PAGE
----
Thomas Dekker, William Rowley, and John Ford.
The Witch of Edmonton.
Peter Corbin and Douglas Sedge, Eds.
Manchester: Manchester University Press, 1999.

, ACT 4, SCENE 1

JUSTICE: Here's none now, Mother Sawyer, but this gentleman [Sir Arthur Clarington himself], myself, and you. Let us to some mild questions. Have you mild answers? Tell us honestly, … are you a witch or no?

SAWYER: I am none.

JUST: Be not so furious.

SAWY: I am none. None but base curs so bark at me. I am none. Or would I were: if every poor old woman be trod on thus by slaves, reviled, kicked, beaten, as I am daily, she to be revenged had need turn witch.

SIR ARTHUR: And you, to be revenged, have sold your soul to the Devil.

SAWY: Keep thine own from him.

JUST: You are too saucy and too bitter.

SAWY: Saucy? By what commission can he send my soul on the Devil's errand, more than I can his? Is he a landlord of my soul, to thrust it when he list out of doors?

JUST: Know whom you speak to.

SAWY: A man: perhaps no man. Men in gay clothes, whose backs are laden with titles and honors, are within far more crooked than I am and—if I be a witch—more witchlike.

SIR ART: Y'are a base Hell-hound. And now, sir, let me tell you, far and near she's bruited  for a woman that maintains a spirit that sucks her.

SAWY: I defy thee.

SIR ART: Go, go. I can if need be bring a hundred voices e'en here in Edmonton that shall loud proclaim thee for a secret and pernicious witch.

SAWY: Ha, ha!

JUST: Do you laugh? Why laugh you?

SAWY: At my name, the brave name this knight gives me: witch.

JUST: Is the name of “witch” so pleasing to thine ear?

SIR ART: Pray, sir, give way, and let her tongue gallop on.

SAWY: A witch? Who is not?
Hold not that universal name in scorn, then.
What are your painted things in princes' courts,
Upon whose eyelids Lust sits blowing fires
To burn men's souls in sensual hot desires,
Upon whose naked paps a lecher's thought
Acts sin in fouler shapes than can be wrought?

JUST: But those work not as you do.

SAWY: No, but far worse:
These by enchantments can whole lordships change
To trunks of rich attire, turn plows and teams
To Flanders mares and coaches, and huge trains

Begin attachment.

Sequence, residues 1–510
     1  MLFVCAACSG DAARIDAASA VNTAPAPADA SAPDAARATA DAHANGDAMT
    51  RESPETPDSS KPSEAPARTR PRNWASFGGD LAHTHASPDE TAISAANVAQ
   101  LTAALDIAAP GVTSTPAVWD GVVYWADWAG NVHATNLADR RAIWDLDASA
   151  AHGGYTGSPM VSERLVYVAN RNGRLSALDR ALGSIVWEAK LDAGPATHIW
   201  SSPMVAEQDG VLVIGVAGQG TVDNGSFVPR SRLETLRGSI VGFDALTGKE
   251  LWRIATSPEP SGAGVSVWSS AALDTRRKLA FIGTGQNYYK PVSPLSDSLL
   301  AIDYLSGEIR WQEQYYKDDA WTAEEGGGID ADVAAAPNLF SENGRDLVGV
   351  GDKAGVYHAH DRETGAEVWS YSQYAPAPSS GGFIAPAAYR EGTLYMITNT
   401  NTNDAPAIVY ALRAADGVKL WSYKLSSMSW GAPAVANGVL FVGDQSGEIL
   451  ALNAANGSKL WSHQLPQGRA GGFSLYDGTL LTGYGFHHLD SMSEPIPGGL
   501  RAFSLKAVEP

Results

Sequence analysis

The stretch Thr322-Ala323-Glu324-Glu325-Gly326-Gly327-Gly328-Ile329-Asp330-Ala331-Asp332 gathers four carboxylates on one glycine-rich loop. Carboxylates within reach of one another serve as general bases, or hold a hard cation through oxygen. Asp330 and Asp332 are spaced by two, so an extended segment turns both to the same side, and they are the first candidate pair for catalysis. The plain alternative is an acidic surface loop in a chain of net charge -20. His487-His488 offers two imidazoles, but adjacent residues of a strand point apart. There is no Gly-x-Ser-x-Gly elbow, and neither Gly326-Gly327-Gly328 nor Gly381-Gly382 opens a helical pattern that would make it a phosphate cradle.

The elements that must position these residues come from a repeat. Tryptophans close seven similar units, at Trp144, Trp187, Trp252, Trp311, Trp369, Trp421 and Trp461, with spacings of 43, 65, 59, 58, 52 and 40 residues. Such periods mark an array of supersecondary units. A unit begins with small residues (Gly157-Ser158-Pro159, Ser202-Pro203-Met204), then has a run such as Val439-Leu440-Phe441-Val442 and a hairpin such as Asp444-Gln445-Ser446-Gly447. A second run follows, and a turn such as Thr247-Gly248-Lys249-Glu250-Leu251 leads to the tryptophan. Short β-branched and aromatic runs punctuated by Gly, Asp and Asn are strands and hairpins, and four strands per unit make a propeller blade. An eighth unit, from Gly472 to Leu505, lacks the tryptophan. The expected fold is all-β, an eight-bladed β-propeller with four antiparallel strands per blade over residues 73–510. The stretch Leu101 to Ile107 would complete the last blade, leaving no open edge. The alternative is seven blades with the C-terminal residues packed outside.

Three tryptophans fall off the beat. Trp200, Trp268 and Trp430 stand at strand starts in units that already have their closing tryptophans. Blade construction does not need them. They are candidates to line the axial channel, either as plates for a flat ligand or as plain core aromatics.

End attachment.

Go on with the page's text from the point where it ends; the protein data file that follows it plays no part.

Of servitors to a French butterfly. 
Have you not seen City-witches who can turn
Their husbands' wares, whole standing shops of wares,
To sumptuous tables, gardens of stol'n sin,
In one year wasting what scarce twenty win?
Are not these witches?

JUST: Yes, yes, but the law
Casts not an eye on these.

SAWY: Why then on me,
Or any lean old beldame?  Reverence once
Had wont to wait on age. Now an old woman,
Ill-favored grown with years, if she be poor,
Must be called “bawd” or “witch.” Such so abused
Are the coarse witches: t'other are the fine,
Spun for the Devil's own wearing.

SIR ART: And so is thine.

SAWY: She on whose tongue a whirlwind sits to blow
A man out of himself, from his soft pillow
To lean his head on rocks and fighting waves,
Is not that scold a witch? The man of law
Whose honeyed hopes the credulous client draws
(As bees by tinkling basins) to swarm to him
From his own hive to work the wax in his—
He is no witch, not he.

SIR ART: But these men-witches
Are not in trading with Hell's merchandise,
Like such as you are, that for a word, a look,
Denial of a coal of fire, kill men,
Children, and cattle.

SAWY: Tell them, sir, that do so:
Am I accused for such a one?

SIR ART: Yes, 'twill be sworn.

SAWY: Dare any swear I ever tempted maiden
With golden hooks flung at her chastity
To come and lose her honor? And being lost
To pay not a denier for't? Some slaves have done it.
Men-witches can, without the fangs of law
Drawing once one drop of blood, put counterfeit pieces
Away for true gold.